Mark Driscoll dropped from Hillsong Conferences
Controversial ex-Mars Hill pastor Mark Driscoll will not speak at this years Hillsong Conferences in Sydney or London, the church has confirmed.
In a statement released online, senior pastor of Hillsong Brian Houston said: "After personal interaction with Mark Driscoll today, we have agreed that he will no longer be coming to Australia or the UK to attend Hillsong Conference.
"It is my hope that Mark and I will be able to speak in person in the coming weeks to discuss some of the issues that have been raised, what – if anything – he has learned, and for me to understand better how he is progressing in both his personal and professional life."
Hillsong came under fire from critics after it transpired that Driscoll would be interviewed at their summer conferences, despite resigning from his Seattle megachurch after being found "guilty of arrogance, responding to conflict with a quick temper and harsh speech, and leading the staff and elders in a domineering manner".
Driscoll has long been a controversial figure. He was embroiled in a number of scandals last year, including allegations of plagiarism and manipulating sales figures by paying a company to bulk-order his book. His leadership style garnered particular criticism, and Mars Hill was accused of fostering a culture of bullying and fear.
Some of Driscoll's more contentious remarks include his referring to women as "penis homes" for men. He taught conservatively on gender roles, and it was revealed in July last year that he had posted a series of condemning messages online under a pseudonym, in which he blasted the majority of Christian men for being "Promise Keeping homoerotic worship loving mama's boy sensitive emasculated neutered exact male replica evangellyfish."
A petition was therefore launched calling on Hillsong to remove Driscoll from their conferences, which has been signed by over 3,000 people. Initiated by gender justice specialist Natalie Collins, it said that Driscoll's appearance would be "disappointing and of great concern to many across the UK and internationally."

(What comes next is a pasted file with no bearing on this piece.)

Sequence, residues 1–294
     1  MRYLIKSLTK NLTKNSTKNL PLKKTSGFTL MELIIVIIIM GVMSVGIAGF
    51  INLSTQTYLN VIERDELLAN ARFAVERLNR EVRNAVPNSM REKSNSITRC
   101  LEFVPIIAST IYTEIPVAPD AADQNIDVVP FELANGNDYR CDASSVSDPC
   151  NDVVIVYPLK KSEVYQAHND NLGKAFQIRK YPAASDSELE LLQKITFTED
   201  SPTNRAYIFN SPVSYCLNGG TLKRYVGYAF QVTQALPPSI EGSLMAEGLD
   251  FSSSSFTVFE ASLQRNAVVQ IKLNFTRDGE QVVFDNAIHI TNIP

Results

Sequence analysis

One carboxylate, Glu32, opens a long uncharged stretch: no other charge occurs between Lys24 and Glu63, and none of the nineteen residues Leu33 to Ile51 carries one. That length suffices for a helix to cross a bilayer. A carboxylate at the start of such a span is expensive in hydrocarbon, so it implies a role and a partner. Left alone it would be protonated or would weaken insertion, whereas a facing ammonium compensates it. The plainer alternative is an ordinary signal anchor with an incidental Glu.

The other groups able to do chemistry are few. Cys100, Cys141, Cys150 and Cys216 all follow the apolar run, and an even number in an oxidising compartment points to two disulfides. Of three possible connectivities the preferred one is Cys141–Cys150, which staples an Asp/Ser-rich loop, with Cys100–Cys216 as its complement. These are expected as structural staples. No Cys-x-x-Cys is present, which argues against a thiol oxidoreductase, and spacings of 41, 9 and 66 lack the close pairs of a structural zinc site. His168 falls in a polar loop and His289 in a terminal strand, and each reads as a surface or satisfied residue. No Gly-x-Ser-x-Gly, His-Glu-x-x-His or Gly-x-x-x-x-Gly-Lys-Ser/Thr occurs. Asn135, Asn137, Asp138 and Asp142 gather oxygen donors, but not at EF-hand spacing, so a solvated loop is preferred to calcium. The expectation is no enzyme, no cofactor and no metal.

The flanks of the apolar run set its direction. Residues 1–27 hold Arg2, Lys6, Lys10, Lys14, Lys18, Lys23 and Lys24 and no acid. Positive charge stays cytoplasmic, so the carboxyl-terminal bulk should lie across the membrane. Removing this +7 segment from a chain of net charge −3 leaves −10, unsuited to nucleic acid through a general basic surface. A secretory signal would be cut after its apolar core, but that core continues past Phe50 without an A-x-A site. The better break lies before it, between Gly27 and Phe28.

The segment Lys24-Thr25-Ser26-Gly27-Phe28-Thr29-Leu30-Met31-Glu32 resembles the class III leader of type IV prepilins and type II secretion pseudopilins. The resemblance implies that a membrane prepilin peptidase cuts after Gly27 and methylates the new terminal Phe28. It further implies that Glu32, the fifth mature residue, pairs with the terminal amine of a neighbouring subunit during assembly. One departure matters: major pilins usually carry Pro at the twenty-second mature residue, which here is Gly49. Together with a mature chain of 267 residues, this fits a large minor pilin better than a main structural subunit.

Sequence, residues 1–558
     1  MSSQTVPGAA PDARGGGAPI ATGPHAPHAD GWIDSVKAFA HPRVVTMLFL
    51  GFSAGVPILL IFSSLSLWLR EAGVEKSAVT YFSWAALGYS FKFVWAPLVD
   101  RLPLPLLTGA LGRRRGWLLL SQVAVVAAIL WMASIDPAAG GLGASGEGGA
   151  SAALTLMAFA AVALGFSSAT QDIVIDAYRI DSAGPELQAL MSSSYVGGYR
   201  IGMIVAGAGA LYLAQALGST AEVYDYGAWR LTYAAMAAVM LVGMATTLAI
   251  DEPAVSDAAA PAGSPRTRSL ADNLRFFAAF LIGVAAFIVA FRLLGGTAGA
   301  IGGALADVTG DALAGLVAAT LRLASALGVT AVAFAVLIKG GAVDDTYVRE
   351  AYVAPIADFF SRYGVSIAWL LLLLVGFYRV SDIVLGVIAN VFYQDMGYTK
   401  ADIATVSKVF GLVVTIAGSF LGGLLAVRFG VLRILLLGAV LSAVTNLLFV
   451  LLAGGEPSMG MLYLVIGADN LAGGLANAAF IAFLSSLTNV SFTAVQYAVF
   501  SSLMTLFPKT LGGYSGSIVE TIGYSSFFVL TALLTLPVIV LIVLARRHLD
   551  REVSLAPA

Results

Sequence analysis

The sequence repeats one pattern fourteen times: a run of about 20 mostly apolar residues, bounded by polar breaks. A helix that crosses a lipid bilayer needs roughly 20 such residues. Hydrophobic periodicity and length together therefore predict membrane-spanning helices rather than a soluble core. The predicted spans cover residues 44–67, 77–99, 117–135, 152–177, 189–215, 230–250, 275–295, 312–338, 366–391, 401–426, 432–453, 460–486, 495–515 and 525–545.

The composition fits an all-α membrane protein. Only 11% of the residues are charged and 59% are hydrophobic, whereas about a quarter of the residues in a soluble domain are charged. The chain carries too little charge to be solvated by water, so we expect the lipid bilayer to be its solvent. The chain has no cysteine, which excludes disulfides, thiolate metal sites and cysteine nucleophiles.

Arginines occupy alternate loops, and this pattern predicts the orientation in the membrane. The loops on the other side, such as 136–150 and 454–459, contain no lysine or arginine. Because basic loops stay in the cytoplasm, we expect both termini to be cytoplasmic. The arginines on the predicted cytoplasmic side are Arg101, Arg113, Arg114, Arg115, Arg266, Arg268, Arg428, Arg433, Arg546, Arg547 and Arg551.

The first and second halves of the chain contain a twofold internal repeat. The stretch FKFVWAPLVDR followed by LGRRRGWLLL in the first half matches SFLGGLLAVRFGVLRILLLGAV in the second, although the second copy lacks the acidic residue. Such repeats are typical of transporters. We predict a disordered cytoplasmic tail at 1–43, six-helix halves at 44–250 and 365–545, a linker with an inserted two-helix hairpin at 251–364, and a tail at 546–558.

A Hillsong spokesperson previously said that the church was aware of the petition, but was standing by its decision to host Driscoll. "The whole point of keeping Mark (and Grace) Driscoll on the conference program is so Brian Houston can interview them about events of the past year," Mark DeMoss told blogger Warren Throckmorton.
"I don't think that is 'cheap grace,' but rather, a thoughtful approach to challenging circumstances. I think it would be fair for the petitioners to judge this appearance after it takes place, but advance judgment seems premature and a bit unfair, in my view."
Collins told Christian Today that she is delighted with the reversal of this decision. "It is so important that the church and its leaders take seriously power misuse," she said.
"The well documented ways in which Mark Driscoll has hurt so many and his ongoing lack of repentance and use of the platform to declare himself the victim must be challenged.
"Let us hope that Hillsong's decision will encourage the many who have been hurt by Mark Driscoll and other leaders in church to know that their pain has been heard."
Despite taking Driscoll off the bill this summer, Houston has said he will "not write off Mark as a person simply because of the things that people have said about him, a small minority of people signing a petition or statements he has made many years ago for which he has since repeatedly apologised."
Jesus' teaching, Houston pointed out, are "based on love and forgiveness". He attributed the reversal to not wanting to cause "unnecessary distractions" during the conference.
"It was clear to me that Mark's attendance had the potential to divert attention from the real purpose of Hillsong Conference, which is to see people leave encouraged in their own spiritual journey," Houston said.
"Clearly Mark has held some views and made some statements that cannot be defended. One or two of the more outrageous things he is purported to have said, I have heard for the first time through the media exposure over the past week."